School name: Temple University
Type of school: Large 4-year school in the heart of Philadelphia
School locale: Philadelphia, PA
Classes you teach: Conducting Psychological Research, Learning and Behavior Analysis, TA for Honors Psychology
Average class size: 10-20
What’s the best advice about teaching you’ve ever received? Right before I began teaching my first course, I told my advisor that I was nervous I wouldn’t be able to answer their questions or explain the material adequately. He told me that when in doubt, act like you know it all. Don’t make up an answer, but always answer with confidence – even if it’s just to say that you’re not sure and you need to look it up and get back to them.
What book or article has shaped your work as a psychology teacher? I can’t say there was a specific book or article that really influenced me. However, as a graduate student I worked as a TA with the same professor for three years and she greatly influenced my teaching style. This professor was so engaging, dynamic, and passionate about what she did that it was a true privilege to learn from her. Additionally, she went to bat for her students in a way that was deeply inspiring and showed me the type of teacher I want to be.
Briefly tell us about your favorite lecture topic or course to teach. I really enjoy letting students design their own research projects. When I teach Conducting Psychological Research, we move through the sections of a research paper one at a time. I lecture on the topic, and then we spend some time discussing each students’ individual project as a group: challenges, things they’re struggling with, etc. I love seeing each student‘s project develop over the course of the semester, and the interactive nature of them helping each other brainstorm ideas and troubleshoot problems.
Briefly describe a favorite assignment or in-class activity. Learning and Behavior Analysis is a tough sell in my department – most students are taking it as a gen ed course rather than from a genuine interest in Behavior Analysis. Although I am in a Developmental Psychology program now, I trained as a Behavior Analyst and am very familiar with the science and research methodology of the field. However, most of the students indicate a desire for clinical psychology, which is VERY different from the goals and ideals of Behavior Analysis. At the end of the semester I always do Behavior Analysis Jeopardy which is a great way to review the topics from the course as students prepare to submit their final papers. The students get really into it and I give a few extra credit points to the winning team as additional incentive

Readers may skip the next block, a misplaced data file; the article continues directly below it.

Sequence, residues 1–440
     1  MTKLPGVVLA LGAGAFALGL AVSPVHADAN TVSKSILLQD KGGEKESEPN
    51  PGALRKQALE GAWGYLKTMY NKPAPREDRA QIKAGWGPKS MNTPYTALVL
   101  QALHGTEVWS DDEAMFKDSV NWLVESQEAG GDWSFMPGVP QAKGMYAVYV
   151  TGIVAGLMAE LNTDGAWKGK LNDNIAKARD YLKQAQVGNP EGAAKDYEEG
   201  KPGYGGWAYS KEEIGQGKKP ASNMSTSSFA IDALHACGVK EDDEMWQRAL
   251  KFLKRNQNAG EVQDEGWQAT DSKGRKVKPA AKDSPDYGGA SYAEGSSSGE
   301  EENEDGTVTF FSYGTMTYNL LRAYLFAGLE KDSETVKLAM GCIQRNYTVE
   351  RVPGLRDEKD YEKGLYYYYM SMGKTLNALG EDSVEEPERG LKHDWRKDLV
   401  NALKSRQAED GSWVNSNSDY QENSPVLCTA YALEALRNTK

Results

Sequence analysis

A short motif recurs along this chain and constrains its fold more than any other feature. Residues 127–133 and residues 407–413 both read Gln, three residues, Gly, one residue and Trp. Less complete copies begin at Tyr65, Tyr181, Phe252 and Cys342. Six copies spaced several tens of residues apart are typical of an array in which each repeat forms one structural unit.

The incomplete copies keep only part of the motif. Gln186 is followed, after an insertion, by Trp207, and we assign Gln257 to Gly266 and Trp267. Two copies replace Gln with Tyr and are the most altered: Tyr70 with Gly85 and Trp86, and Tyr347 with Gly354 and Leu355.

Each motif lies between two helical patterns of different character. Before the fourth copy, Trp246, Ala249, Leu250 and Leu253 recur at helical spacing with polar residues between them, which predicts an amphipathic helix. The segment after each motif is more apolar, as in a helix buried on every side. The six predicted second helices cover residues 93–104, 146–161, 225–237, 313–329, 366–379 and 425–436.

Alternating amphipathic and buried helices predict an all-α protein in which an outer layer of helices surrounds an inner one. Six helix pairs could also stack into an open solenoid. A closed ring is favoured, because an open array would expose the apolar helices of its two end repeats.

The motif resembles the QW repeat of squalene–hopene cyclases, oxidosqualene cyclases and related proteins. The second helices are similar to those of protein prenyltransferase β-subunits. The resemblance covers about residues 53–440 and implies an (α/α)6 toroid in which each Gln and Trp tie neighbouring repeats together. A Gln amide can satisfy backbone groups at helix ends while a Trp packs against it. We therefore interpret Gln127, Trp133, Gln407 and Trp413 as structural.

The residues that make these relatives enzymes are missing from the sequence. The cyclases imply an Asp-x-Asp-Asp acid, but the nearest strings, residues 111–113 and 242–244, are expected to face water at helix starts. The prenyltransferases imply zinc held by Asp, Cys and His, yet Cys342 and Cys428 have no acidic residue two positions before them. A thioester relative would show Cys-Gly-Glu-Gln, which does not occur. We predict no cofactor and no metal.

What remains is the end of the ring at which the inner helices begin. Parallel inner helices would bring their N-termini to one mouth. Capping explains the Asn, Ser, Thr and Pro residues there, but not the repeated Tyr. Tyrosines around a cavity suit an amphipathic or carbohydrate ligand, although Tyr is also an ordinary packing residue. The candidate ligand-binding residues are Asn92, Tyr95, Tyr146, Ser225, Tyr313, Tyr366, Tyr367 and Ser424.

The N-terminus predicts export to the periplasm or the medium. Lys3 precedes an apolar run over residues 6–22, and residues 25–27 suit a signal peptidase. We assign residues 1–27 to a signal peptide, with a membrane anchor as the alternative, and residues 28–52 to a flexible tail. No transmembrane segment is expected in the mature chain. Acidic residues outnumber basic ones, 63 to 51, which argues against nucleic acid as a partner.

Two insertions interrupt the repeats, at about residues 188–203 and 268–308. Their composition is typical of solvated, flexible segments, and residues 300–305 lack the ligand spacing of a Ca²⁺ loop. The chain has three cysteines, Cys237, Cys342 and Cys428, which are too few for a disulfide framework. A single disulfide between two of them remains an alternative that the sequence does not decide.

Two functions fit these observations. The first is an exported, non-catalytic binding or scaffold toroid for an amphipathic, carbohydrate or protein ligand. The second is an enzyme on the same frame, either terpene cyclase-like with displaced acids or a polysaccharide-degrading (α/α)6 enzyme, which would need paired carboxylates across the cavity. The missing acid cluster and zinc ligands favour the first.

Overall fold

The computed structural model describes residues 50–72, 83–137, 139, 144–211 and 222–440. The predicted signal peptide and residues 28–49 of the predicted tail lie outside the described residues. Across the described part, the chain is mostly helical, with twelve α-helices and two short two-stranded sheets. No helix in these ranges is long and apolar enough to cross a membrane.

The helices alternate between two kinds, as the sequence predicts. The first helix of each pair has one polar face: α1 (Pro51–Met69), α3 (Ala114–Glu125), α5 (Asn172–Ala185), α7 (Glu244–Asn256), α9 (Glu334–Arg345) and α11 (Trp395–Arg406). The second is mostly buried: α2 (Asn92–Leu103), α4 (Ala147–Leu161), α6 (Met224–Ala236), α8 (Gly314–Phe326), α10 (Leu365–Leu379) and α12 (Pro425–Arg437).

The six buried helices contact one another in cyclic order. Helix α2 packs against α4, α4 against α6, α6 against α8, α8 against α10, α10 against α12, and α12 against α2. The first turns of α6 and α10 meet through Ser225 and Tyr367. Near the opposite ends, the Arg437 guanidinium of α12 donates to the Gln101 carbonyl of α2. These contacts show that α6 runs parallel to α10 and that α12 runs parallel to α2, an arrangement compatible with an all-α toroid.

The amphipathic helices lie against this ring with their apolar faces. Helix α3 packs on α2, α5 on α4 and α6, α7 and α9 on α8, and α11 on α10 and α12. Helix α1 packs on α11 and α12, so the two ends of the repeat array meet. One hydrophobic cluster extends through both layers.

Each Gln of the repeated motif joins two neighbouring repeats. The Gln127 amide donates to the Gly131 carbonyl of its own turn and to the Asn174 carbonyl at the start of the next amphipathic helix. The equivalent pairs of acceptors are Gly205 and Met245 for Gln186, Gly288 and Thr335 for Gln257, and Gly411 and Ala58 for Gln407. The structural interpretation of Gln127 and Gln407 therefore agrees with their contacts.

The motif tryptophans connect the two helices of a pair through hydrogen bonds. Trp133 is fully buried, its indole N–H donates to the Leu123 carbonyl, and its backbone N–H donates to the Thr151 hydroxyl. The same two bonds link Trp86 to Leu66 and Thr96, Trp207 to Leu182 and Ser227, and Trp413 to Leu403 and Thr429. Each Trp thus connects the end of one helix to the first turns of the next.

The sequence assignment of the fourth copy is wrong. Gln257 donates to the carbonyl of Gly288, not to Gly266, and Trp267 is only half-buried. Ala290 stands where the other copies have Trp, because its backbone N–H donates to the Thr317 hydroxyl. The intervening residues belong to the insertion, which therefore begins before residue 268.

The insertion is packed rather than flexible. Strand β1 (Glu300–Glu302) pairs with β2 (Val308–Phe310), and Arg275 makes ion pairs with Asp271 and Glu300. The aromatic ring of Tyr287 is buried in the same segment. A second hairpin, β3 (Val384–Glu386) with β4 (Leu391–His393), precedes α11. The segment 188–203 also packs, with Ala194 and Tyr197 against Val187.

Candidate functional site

What teaching and learning techniques work best for you? I very strongly believe in a student-centered approach to both teaching and learning. Each student comes to the classroom with individual strengths and weaknesses, so a one-size-fits-all model is really not effective. I always make an effort to humanize myself through sharing stories and experiences from my own life, while making it clear to them that I see them as humans too. For example, I do my best to get to know each student, their post-undergraduate goals, etc., which shows them that I genuinely care about them and helps them to buy into me as an educator.